The Rum Swizzle is oftentimes called Bermuda’s national drink. This recipe is a good example of what is commonly served in Bermuda, and has a touch of elegance thanks to the addition of Nutmeg and bitters, two things not commonly included. The recipe given here is from Jason Schiffer of 320 Main.
If you look online and find a recipe for the drink served in Bermuda, quite often people say just to shake the damn drink. A swizzle is a swizzle because of the technique of swizzling! Moving crushed ice around to create an extremely cold cocktail in the glass, that is the aim of the action of swizzling. The only recipe that I found which actually calls for said appropriate action is that of the Pegu Blog: their version of the drink is a great example of the traditional recipe (with swizzling action of course), however, I’ve grown fond of the rather complicated version listed here.
The origin of the swizzle is interesting: according to Trader Vic, we see the swizzle originating in the West Indies, where the act of swizzling is a common one used to mixing all types of drinks thanks in part to the fact that the “swizzle stick” is a native to that region. But in reality, the swizzle as an alcoholic beverage has a longstanding history, one which is based upon rum, spruce beer, sugar and water (Grose). The use of citrus juice or other tropical juices makes this move very far away from the first swizzle, since the use of the juices makes this reminiscent of a punch. Despite that, the act and the technique help bring this tall drink back in alignment with the name.
Flavor-wise, the drink is rich molasses notes, with the tartness of the pineapple and lemon, with lovely fruit notes thanks to the inclusion of the orange and grenadine. There is a slight note of teriyaki sauce, thanks to the pineapple and molasses notes, but that is mostly on the finish, and shouldn’t bother most people (I was surprised: I never picked up on this, and was pointed out this flavor by John Colthorp). The molasses flavor is enriched thanks to homemade falernum and the use of turbinado syrup; plus, the spice notes come through and help give the cocktail a really nice mid palate, that helps pull out the funky flavors of the Goslings. This cocktail would be hard to make as well as it is without using Goslings since the characteristic flavor feels so right with Goslings, a flavor few other rums can emulate.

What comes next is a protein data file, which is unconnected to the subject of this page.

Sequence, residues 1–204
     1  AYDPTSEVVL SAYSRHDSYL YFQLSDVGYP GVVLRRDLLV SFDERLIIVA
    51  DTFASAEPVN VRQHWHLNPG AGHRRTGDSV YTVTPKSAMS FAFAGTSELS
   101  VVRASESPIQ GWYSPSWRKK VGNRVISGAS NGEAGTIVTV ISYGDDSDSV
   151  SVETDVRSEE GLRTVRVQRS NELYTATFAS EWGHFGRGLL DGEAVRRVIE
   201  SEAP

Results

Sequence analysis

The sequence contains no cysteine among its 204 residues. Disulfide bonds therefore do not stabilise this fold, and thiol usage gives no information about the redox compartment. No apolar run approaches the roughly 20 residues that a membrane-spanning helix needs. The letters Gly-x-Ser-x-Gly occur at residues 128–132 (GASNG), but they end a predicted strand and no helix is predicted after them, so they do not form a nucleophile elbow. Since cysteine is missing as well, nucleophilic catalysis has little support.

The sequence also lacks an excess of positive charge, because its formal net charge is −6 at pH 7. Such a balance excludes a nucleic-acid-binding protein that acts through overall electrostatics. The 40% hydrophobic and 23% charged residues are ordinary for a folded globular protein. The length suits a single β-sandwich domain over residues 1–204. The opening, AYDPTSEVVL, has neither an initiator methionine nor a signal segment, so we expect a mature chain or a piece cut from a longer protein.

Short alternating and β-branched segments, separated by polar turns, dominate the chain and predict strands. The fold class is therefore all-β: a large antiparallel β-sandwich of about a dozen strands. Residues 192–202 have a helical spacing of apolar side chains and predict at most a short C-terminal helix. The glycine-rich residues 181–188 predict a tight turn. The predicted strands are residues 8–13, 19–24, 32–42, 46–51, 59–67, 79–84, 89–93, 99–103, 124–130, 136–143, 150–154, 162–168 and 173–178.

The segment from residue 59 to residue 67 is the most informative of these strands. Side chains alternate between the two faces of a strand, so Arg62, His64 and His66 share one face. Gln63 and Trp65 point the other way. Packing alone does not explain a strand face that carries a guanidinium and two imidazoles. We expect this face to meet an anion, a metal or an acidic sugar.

As for garnish, a cherry and citrus is a must. While normally orange peel will be used, I prefer the drink using grapefruit zest, since the tart tang and natural sweetness of the grapefruit offsets the entire aroma of the molasses oriented goslings, and blends the smell of the acidic pineapple with the other flavors. Furthermore, the addition of the nutmeg gives the drink a call back to the past, to the days when Slings had nutmeg on top. Nutmeg and grapefruit actually contrast nicely against each other, so it helps bring out a bit more depth to the drink than a simple orange zest, at least in my opinion.
Bermuda Rum Swizzle:
2 ounces Gosling’s dark rum
1/2 ounce lemon juice
1/2 ounce pineapple juice, unsweetened
1/2 ounce orange juice
1/4 ounce grenadine
1/4 ounce falernum
1/4 ounce demerara syrup
2 dashes Angustora bitters
Combine the ingredients quickly over crushed ice in a glass. Swizzle until the glass is chilled. Top with more crushed ice. Garnish with a cherry, grapefruit peel, and shaved nutmeg.
Grose, Francis. 1788. A Classical Dictionary of the Vulgar Tongue. Printed for S. Hooper. (accessed August 31, 2010).
Hess, Robert. “Bermuda Rum Swizzle.” Drinkboy.com. http://www.drinkboy.com/Cocktails/Recipe.aspx?itemid=13 (accessed October 15, 2010).